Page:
There have been rough spots along the way, as the man has grown from eight to over 100 feet and a 20 person party on the beach has become 60,000+ paying hundreds of dollars per ticket. Over the years much has changed and many issues have stirred concern in the community that the festival could be destroyed by some new policy or other development: “Scaling up will kill Burning Man.” “That new rule will kill Burning Man.” “The Bureau of Land Management will kill Burning Man.” “Selling tickets that way will kill Burning Man.” “Board infighting will kill Burning Man.” “Upscale turnkey camps will kill Burning Man.”
It turns out none of these things killed Burning Man, and Burning Man shows few signs of slowing down. The Black Rock Arts Foundation (BRAF) gives hundreds of thousands of dollars in grants every year to Burning Man projects as well as public art projects in San Francisco and around the world. The “regional burns” have created strong communities globally based around smaller satellite festivals which take cues from the Ten Principles.
A few examples of the art that BRAF has helped make possible:
Join us on Monday, October 20th at SFJAZZ Center as Larry Harvey, who has been there from the beginning to the present, tells the story of Burning Man and shows us how we can find long-term thinking in a reoccurring temporary city.
This Seminar is sold out, but there will be a walk-up line for released tickets.
This Sunday, October 12, The Interval hosts a special event to celebrate the posthumous release of Leonardo’s Brain: Understanding Da Vinci’s Creative Genius by Leonard Shlain. Leonardo’s Brain looks at the life, art and mind of 15th century Florentine polymath Leonardo da Vinci. Shlain’s book considers Da Vinci as a glimpse into the future of what our species can become; it was completed shortly before Dr. Shlain’s death in 02009.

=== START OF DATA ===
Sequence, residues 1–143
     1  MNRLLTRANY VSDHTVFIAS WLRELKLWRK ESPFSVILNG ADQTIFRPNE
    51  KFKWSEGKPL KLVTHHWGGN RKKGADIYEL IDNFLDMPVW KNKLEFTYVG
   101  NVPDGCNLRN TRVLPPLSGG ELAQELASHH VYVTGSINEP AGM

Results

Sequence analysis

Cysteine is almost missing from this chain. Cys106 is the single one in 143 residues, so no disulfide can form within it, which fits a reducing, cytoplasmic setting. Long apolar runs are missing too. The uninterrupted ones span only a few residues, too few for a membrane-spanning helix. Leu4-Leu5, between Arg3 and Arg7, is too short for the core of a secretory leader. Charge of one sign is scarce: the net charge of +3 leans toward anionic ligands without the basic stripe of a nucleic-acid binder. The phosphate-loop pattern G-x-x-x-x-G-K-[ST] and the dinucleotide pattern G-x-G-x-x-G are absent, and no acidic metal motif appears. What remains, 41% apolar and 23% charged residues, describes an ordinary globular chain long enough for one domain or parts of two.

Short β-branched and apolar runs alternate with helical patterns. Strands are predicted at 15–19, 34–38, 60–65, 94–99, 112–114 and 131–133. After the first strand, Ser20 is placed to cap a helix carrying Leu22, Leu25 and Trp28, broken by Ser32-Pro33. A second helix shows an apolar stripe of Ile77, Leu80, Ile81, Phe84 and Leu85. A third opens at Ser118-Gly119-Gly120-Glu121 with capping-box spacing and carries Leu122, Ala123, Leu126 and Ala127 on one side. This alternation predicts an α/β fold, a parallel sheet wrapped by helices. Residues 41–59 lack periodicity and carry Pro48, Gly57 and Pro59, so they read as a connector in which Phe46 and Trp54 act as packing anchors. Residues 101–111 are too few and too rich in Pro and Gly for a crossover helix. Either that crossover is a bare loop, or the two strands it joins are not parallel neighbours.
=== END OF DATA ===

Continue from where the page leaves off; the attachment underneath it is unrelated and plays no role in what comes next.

The event will feature readings by Leonard Shlain’s three children who were instrumental in bringing his final book to publication: Kimberly Brooks, artist and founding editor of the Arts and Science Section of the Huffington Post; Jordan Shlain, doctor and founder of Healthloop.com; and Tiffany Shlain, Emmy-nominated filmmaker, founder of The Webby Awards and director of the show “The Future Starts Here.”
Dr. Shlain’s books including “Leonardo’s Brain” will be on sale throughout the day
NOTE: this is Fleet Week in San Francisco, with an air show featuring the Blue Angels on Sunday (12:30-4pm) prior to our 5pm program. The Marina and Fort Mason are great places to watch the show, before or after coming by The Interval.
Praise for Leonardo’s Brain and the work of Leonard Shlain:
“By exploring Leonardo da Vinci’s brain through the lens of contemporary neuroscience, Leonard Shlain not only celebrates da Vinci’s legendary creativity, he shows how we can integrate and strengthen both sides of our minds and tap into the amazing possibilities within ourselves.” —Arianna Huffington
“Shlain’s ability to synthesize not only information but also genuine wisdom across multiple and disparate disciplines was extraordinary.” —Al Gore
“This book is a gift from the heavens where Leonard Shlain is today and another bright example of his force and spirit shining through the prism of the mind of Leonardo da Vinci.” —Norman Lear
Many suggest we have entered the Anthropocene – a new geologic epoch ushered in by humanity’s own transformations of Earth’s climate, erosion patterns, extinctions, atmosphere and rock record. In such circumstances, we are challenged to adopt new ways of living, thinking and understanding our relationships with our planetary environment. To do so, anthropologist Richard Irvine has argued, we must first “be open to deep time.” We must, as Stewart Brand has urged, inhabit a longer “now.”
So I wonder: could it be that nuclear waste repository projects – long approached by environmentalists and critical intellectuals with skepticism – are developing among the best tools for re-thinking humanity’s place within the deeper history of our environment? Could opening ourselves … to deep, geologic, planetary timescales inspire positive change in our ways of living on a damaged planet?
Anthropologist Vincent Ialenti conducted two years of fieldwork among a Finnish team of experts in the process of developing a long-term geological repository for high-level nuclear waste. In a triptych of posts on NPR’s 13.7 blog, he reflects on the state of mind that is prompted when you begin asking the kinds of questions that nuclear waste experts confront in their work.
Describing the way an awareness of deep time scales began to seep into his own thinking as he immersed himself in the world these nuclear waste experts inhabit, Ialenti suggests that this kind of ‘attunement’ to long-term geologic processes may broaden and deepen our experience of our world.